Your Diabetes Educator – Personal Help

Studies reveal than over fifty percent of people with type 1, type 2, or gestational diabetes have had little or no diabetes education. This statistic is astounding in light of the fact that diabetes education and self-management techniques can greatly increase a person’s chances of successfully living with the disease.

What is Diabetes Education?

Diabetes education is an essential component of diabetes care. It gives anyone who has diabetes and the people at risk for the disease the information and skills to manage their disease, modify their lifestyles, and be more aware of the signs and symptoms of diabetes.

Self-management techniques for diabetics help patients with their overall health. They also address specific areas of concern for diabetics such as coronary artery disease, diseases and wounds in the limbs and feet, renal disease, and vision issues. Diabetes education can lower health costs and improve the patient’s quality of life.

The Certified diabetes Instructor

A certified diabetes instructor has specialized training in the care and education of diabetic patients. An instructor can be a doctor, a dietician, a registered nurse, a pharmacist, or other medical professional.[1]

Diabetes instructors work in a variety of settings. Instructors can be found in hospitals, doctor’s offices, pharmacies, home health care settings, nursing homes, community settings, and other arenas that offer health care.

In addition to their core professional training, the diabetes instructor must complete the following:[2]

  • Two years of supervised professional practice involving diabetes education
  • One-thousand hours providing services as a diabetes educator
  • Employment in a health care environment providing services to diabetics
  • Work thirty-two hours per week as a diabetic educator
  • Pass certification exams
  • Maintain certification through continuing education

A diabetes educator focuses on a variety of roles. He or she will work with the diabetic patient on a clinical level, an emotional or psychological level, and an educational level. In addition, the diabetes educator will offer continuing support as the diabetic patient makes lifestyle changes and experiences successes and setbacks.

The Diabetic Educator and You

If you have been diagnosed with type1, type 2, or gestational diabetes, your diabetes educator will play a key role in your self-management plan. Even if you are at-risk for the disease, a diabetes educator can help you make the necessary lifestyle changes to avoid worsening problems.

The goals of your diabetic educator are threefold:

  • To help you learn more about your disease
  • To give you the skills to manage your diabetes
  • To aid you in making positive lifestyle changes that will improve your diabetes and overall health

Glycemic Control and Insulin

One area of major concern for diabetics is glycemic control. Your diabetes educator will instruct you in the importance of controlling your blood glucose levels using the glycemic index. You will learn how foods are rated on the glycemic index and what to consider when planning your meals.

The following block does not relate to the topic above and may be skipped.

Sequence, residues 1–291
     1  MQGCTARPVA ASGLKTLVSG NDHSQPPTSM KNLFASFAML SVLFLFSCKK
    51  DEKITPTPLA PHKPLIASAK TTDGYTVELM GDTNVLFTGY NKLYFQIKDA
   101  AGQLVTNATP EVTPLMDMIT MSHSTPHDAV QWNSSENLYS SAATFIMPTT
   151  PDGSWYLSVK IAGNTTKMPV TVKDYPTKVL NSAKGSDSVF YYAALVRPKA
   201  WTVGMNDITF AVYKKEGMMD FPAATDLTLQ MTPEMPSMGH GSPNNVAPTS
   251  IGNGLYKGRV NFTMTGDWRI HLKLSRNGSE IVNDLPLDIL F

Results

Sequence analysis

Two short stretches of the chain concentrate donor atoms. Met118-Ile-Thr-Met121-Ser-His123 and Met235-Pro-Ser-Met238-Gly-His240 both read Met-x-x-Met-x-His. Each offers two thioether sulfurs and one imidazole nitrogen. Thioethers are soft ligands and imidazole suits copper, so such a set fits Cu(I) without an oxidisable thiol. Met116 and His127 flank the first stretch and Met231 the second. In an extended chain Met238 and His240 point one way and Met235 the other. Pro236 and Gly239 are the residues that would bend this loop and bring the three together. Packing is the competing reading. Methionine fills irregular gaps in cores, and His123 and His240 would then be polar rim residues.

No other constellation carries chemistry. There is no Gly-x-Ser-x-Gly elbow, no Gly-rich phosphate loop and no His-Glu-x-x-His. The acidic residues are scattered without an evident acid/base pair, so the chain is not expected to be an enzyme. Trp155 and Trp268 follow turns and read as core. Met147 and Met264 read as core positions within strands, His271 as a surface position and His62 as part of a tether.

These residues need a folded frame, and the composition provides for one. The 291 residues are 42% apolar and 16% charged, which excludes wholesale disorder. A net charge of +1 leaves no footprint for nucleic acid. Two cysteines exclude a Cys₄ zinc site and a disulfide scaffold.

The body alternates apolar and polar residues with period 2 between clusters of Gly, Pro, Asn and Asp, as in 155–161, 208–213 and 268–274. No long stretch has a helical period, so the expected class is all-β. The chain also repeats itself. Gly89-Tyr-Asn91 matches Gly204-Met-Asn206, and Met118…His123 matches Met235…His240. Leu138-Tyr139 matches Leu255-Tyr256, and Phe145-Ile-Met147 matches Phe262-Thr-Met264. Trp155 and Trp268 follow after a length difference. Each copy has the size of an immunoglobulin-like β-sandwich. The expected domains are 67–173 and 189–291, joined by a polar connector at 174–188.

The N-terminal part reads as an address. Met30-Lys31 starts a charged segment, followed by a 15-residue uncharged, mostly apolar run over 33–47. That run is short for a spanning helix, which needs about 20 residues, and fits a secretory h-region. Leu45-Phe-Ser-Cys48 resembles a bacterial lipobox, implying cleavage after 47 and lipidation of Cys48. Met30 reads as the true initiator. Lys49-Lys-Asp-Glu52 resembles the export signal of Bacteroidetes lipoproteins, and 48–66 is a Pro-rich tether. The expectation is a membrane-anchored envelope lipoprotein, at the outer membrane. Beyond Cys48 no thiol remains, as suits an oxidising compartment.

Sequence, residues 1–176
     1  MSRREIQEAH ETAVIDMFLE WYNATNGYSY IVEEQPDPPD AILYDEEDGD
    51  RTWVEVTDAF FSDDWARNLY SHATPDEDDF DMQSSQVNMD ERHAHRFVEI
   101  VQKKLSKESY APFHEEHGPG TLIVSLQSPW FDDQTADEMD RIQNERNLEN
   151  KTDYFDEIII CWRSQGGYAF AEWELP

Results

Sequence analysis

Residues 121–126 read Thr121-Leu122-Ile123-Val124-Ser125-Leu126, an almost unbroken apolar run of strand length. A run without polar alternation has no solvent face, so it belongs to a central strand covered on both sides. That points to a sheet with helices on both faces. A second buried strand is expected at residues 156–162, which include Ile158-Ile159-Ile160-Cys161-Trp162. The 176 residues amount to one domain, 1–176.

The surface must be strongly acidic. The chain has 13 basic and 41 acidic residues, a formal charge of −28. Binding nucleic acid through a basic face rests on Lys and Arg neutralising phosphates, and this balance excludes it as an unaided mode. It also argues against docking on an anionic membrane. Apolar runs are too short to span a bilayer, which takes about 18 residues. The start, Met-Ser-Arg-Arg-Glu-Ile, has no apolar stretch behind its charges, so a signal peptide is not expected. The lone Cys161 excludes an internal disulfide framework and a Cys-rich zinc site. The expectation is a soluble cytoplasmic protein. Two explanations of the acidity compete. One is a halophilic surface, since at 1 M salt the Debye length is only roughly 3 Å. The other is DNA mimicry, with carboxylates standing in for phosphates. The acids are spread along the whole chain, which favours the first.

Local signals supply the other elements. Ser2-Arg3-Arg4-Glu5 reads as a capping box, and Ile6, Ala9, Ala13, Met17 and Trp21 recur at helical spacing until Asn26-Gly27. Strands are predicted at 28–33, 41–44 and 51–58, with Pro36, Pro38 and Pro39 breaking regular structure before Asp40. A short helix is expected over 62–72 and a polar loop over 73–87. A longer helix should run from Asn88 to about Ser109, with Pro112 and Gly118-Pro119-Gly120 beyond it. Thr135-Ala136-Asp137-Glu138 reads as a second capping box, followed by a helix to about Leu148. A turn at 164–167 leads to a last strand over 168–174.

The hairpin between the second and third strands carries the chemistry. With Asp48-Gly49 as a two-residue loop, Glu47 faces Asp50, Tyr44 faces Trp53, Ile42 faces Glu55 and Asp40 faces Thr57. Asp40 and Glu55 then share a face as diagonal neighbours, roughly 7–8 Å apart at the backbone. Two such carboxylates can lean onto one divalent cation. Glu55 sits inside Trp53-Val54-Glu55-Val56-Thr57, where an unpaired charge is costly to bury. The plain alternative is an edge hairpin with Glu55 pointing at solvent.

The glycemic index is a number assigned to food based on its likelihood to raise blood glucose levels. A certain food may be rated as having a high glycemic index, a low glycemic index, or a medium glycemic index. The index takes into account a food’s carbohydrates, fats, and fiber.

The glycemic index can be confusing to patients who do not understand how to calculate food values. However, patients who have training in using the glycemic index from a diabetic educator can sometimes reduce their dependence on medications and vastly improve their overall health. The goal is to focus on low glycemic index foods to keep blood sugar levels at a steady level.[3]

Another area of focus for the diabetes instructor is insulin use. If you are a type 1 diabetic you will want to discuss insulin use with your instructor. He or she will help you adapt your insulin use based on your activities and your lifestyle.

If you are a type 2 diabetic your instructor will keep an eye on your disease and closely monitor the need for any medication. At times, a person with type 2 diabetes must begin an insulin regimen. With close monitoring, your instructor will recognize the need for any changes to your current treatment plan.

The diabetic educator is an integral part to the diabetes health care management team. Along with your physician, endocrinologist, podiatrist, and other health care professionals, your educator will work to ensure you receive optimal care and learn to manage your disease.

References

[1]  National Certification Board for Diabetes Educators. (n.d.). Retrieved from National Certification Board for Diabetes Educators: http://www.ncbde.org/

[2] Ibid

[3]  Glycemic index: overview of implications in health and disease1. (n.d.). Retrieved from The American Journal of Clinical Nutrition: http://ajcn.nutrition.org/content/76/1/266S.full

This article was originally published July 12, 2012 and last revision and update of it was 9/10/2015.